For his efforts, Oltjen will receive a $50 Cabela’s gift card and be entered in a grand prize drawing to be held at the KLA Convention in Wichita. He also will receive prizes through the KLA Top Hand Contest, sponsored by John Deere.  
     As of June 30, 42 individuals and county committees had signed up a total of 59 new members in the competition. The leader is Vernon Bohn of Dwight, with four recruits. Those with three recruits each are Jim Ashmore, Logan; Clint Bryant, Winfield; and Mark Schultz, Lucas.  
     Any KLA member can earn recruiter of the year honors and a Greeley Hat Works custom hat, as well as several nice prizes along the way, by reaching the 25-member mark. For a list of prospects in your area, contact


from July 11


     The Kansas Livestock Foundation (KLF) has awarded four $1,000 Youth in Agriculture scholarships for the 2017-18 school year. Winners include Zachary Callaghan, son of John and Sheila Callaghan of Tonganoxie; Chisum Grund, son of Jerry and Chrysanne Grund from Wallace; Sarah Loomis, daughter of Jason and Sheryl Loomis of Council Grove; and Sarah Moyer, daughter of Jaret and Shawna Moyer from Emporia.
     Callaghan will be a sophomore at K-State, majoring in ag education with a secondary major in global food systems leadership. Moyer will be a junior at K-State in ag communications and journalism. Loomis and Grund will be freshmen at Hutchinson Community College. Loomis will study ag communications and animal science, while Grund plans to pursue a degree in ag technology management.
     Funding for these scholarships is generated through the KLF Club Calf Sale held during the Kansas Junior Livestock Show. This year’s sale will be September 30 in Hutchinson.


from July 10


     Adequate to surplus stockwater and good to excellent pasture conditions marked the beginning of the Flint Hills grazing season, according to the 2017 Kansas Bluestem Pasture Survey. The survey included responses from ranchers and landowners in the 14-county bluestem pasture area and was jointly conducted by the Kansas Department of Agriculture and Kansas State University Department of Ag Economics. Respondents answered questions about grazing conditions, pasture lease rates and fencing costs.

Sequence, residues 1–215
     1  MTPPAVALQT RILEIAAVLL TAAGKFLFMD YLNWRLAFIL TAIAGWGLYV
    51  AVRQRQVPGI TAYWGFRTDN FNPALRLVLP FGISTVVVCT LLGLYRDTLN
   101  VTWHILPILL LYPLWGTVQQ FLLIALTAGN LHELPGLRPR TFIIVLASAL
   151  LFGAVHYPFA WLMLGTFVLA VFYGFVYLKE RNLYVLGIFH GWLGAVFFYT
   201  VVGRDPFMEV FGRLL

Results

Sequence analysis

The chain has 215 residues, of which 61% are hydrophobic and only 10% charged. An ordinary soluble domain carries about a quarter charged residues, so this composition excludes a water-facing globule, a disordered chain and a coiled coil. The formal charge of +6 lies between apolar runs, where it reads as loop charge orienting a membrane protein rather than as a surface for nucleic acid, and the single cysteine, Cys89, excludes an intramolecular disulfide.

The average lease rate for full summer season contracts was reported to be $42.59 per acre when care is provided and $23.01 per acre without care. For steers and heifers less than 700 lbs., the average price per head is $90.24 for the full season. Partial season contracts averaged $35.43 per acre with care provided and $24.37 without. The price per head, with care, for steers and heifers less than 700 lbs. on a partial season contract is $85.44. Without care, the partial season average price is $61.74 per head.  
     Pasture operators reported charging $177.99 for cow-calf pairs on a full summer season contract. The average full-year lease rate per cow with a fall calf is $198.33. For cows with spring calves, the average full-year lease rate is $198.49 per pair. Full-year lease rates averaged $22.34 per acre for cows.  
     The rate charged for building a five-wire, all steel post fence, including materials, averaged $27.68 per rod. Average per hour fence construction rates are $66.67 with equipment and $45 without equipment. The additional charge for building in rough or rocky terrain was $62.50 per hour.


from July 7


     KLA member Barb Downey from Wamego was in Washington, D.C., June 29 to testify on conservation programs and the Farm Bill. She presented testimony on behalf of NCBA before the U.S. Senate Committee on Agriculture, Nutrition and Forestry.
     Downey told committee members the Environmental Quality Incentives Program (EQIP) has helped enhance the health of grazing lands, improve water and soil quality and reduce erosion. The dual benefit, she testified, is improved habitat for grassland nesting birds. She said a specific example of conservation programs applied on her ranch involves EQIP cost-share funding used to help install controlled access points for cattle to drink from farm ponds.
     The Wabaunsee County rancher said voluntary conservation initiatives offer enough flexibility to make the programs effectively work for ranchers in various situations. Downey said the key is keeping the programs voluntary.
     “A one-size-fits-all approach that accompanies top-down regulation does not work in my industry,” Downey testified.


from July 6


     USDA has extended the deadline for emergency grazing on Conservation Reserve Program acres for those affected earlier this year by wildfire. The Farm Service Agency will extend authority through September 30, 2017, for livestock producers who lost pasture or fence due to wildfires in Kansas, Oklahoma and Texas. The original deadline was July 3.
     U.S. Sen. Pat Roberts and U.S. Rep. Roger Marshall sent a letter to U.S. Ag Secretary Sonny Perdue in April requesting the extension. Perdue responded with a June 15 letter granting the request. Ranchers with questions should contact their local Farm Service Agency office.